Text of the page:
3. The placement of the menu bars is unfortunate. It would be a greatly improved program if I could undock and move the menu bar. With the sliders placed at the bottom of the page, I found myself constantly changing the size and color of my brushes accidentally. This may be a bit worse for me as a lefty than it would be for a righty, but I literally bumped the size and eraser buttons by accident constantly, to the point it really did start to irk me.  It would be so much better if these functions were placed at the top of the page, or along the right, or even if they were hidden off screen and could be dragged up as needed. The only way to make this bearable is to customize your pallet so when you lose a color it’s easy to retrieve. (Up side, the color palette is super easy to customize.)
  4. The color sampler tool is far better in theory than in practice. You can activate the color selector with a sort of pressure sensitive hovering gesture, and slide it across the image until you get the color you want. While this sounds brilliant, in actual practice, I unwittingly activated it dozens of times while attempting to go over corners and fill in opacity. This caused me to lose the color I was working with and have to either reselect the proper color (which was not always exact via the color selector), or open the palette to reselect it. It ended up being  really cumbersome.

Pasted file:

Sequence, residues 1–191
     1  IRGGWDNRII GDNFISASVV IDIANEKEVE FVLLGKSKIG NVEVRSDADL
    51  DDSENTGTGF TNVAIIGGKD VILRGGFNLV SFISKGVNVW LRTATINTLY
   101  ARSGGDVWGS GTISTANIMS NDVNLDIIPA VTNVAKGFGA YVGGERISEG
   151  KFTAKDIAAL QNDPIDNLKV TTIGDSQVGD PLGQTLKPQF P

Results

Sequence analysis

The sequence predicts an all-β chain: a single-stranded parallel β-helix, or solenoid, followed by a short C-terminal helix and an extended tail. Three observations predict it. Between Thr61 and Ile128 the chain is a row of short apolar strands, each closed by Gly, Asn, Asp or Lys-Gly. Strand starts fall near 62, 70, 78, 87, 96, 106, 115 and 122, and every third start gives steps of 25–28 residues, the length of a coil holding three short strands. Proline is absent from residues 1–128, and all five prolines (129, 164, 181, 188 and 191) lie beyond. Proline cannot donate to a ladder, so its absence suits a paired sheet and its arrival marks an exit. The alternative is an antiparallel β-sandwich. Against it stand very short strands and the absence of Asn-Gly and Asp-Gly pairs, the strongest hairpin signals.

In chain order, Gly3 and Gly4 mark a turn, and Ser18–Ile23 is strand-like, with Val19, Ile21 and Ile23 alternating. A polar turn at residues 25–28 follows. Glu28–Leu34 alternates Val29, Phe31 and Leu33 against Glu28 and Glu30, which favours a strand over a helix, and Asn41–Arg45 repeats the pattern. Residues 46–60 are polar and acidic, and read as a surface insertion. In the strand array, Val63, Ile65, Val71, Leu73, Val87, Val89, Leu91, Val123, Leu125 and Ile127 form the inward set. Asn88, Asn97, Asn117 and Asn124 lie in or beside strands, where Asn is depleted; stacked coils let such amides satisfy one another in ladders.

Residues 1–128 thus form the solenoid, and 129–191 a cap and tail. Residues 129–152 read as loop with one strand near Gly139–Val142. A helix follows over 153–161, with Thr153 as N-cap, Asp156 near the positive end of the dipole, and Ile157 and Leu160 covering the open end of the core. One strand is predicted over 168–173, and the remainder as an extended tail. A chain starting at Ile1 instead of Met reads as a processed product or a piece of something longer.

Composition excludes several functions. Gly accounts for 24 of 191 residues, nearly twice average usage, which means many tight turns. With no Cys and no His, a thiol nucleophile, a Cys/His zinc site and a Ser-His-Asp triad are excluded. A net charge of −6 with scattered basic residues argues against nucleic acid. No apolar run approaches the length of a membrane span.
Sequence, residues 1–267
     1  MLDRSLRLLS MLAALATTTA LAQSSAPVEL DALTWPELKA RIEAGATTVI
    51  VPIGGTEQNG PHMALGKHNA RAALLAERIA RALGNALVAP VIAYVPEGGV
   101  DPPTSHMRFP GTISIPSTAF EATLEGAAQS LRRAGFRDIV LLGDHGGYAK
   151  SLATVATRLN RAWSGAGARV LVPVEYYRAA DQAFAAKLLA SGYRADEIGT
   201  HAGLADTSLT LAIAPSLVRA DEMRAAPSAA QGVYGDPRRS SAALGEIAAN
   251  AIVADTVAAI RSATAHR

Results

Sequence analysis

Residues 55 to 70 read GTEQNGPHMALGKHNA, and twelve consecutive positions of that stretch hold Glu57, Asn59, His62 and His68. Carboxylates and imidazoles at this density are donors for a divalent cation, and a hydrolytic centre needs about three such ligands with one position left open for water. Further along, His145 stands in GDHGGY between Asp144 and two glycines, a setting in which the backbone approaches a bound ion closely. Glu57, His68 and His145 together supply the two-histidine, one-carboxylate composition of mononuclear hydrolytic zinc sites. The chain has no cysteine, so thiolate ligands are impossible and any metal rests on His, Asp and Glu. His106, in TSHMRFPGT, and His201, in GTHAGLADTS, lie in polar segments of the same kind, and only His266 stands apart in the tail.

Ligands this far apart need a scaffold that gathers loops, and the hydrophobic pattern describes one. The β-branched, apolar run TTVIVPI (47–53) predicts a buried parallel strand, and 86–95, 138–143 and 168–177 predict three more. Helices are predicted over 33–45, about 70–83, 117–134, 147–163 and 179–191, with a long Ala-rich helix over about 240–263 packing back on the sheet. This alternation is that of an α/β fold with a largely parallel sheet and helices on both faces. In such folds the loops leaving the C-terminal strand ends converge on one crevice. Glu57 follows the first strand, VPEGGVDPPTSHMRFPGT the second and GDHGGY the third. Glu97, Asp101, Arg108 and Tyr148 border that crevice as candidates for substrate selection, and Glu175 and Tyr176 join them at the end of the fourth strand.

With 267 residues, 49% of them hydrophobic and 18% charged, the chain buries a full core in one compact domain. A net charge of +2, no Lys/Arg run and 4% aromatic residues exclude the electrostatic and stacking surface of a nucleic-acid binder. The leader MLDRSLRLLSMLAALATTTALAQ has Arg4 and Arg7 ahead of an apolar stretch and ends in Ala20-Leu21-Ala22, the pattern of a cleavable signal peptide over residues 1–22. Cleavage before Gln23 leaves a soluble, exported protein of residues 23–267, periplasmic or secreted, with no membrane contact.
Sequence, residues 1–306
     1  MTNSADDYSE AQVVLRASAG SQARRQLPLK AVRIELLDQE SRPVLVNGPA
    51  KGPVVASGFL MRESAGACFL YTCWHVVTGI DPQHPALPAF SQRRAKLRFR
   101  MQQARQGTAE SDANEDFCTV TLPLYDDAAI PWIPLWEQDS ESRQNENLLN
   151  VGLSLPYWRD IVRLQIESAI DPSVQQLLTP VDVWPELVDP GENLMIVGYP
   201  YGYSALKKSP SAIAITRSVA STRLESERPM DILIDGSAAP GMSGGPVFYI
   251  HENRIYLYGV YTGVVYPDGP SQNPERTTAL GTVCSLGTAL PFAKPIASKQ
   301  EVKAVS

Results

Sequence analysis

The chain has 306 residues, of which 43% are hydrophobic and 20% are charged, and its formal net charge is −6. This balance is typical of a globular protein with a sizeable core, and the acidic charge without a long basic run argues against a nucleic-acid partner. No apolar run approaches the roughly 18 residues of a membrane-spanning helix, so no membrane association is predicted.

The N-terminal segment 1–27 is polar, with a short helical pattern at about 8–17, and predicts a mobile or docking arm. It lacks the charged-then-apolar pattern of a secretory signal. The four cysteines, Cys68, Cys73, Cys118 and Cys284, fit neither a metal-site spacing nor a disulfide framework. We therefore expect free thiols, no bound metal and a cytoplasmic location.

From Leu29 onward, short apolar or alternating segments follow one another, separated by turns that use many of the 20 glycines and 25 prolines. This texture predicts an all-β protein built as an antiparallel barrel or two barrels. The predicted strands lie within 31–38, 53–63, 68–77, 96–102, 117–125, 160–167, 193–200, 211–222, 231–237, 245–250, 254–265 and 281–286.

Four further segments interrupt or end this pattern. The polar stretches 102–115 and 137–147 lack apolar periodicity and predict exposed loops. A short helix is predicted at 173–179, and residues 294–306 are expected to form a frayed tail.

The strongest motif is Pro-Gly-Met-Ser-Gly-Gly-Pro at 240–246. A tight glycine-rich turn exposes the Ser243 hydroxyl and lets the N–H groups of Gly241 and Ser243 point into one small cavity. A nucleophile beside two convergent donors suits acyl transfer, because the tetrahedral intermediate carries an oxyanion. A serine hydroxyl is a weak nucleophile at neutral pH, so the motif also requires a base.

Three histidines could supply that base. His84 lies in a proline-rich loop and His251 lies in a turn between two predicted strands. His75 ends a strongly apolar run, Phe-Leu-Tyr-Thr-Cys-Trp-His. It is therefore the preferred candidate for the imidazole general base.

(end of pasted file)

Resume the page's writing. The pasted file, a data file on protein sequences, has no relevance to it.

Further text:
That said, there are some pretty awesome features, too.

  1. Switching between pen/brush and eraser is a one click function. I may not like where it’s placed, but the speed of switching between them so easily was a delight.
  2. I have more than enough layers to play with. This is my only real quip about Sketchbook for Galaxy. I would happily pay a fee to get an endless amount of layers to work with in Sketchbook, but I can not find this option, and limiting me to half a dozen ends up being pretty cumbersome once I start experimenting with finer details. IbisPaint has no shortage of layers to work with, so I can easily try different colors or designs and flip between them until I’ve picked the one I like best. (Maybe I don’t know if I want a blue shirt, or a green shirt. With limited layers, I have no choice but to paint swatch and wrinkle my nose at the screen. With enough layers I can try both and easily flip between them.
  3. The auto-recording feature is pretty neat. While I don’t strictly need it, having it makes me wish every art program did. Seeing your process in motion is really interesting, interesting enough, that I’m sharing it (at hyper speed. The whole piece apparently took me around 6.5 hours, but you can see it in about a minute below.)

Overall, I’m happy with the program, but I think what I really want out of life is a combination of this and sketchbook. They both have advantages and disadvantages, but I have several other art apps to check out. There really are no shortage of them out there to investigate.

If you feel inclined for Chasm-based gear, it’s on redbubble: here.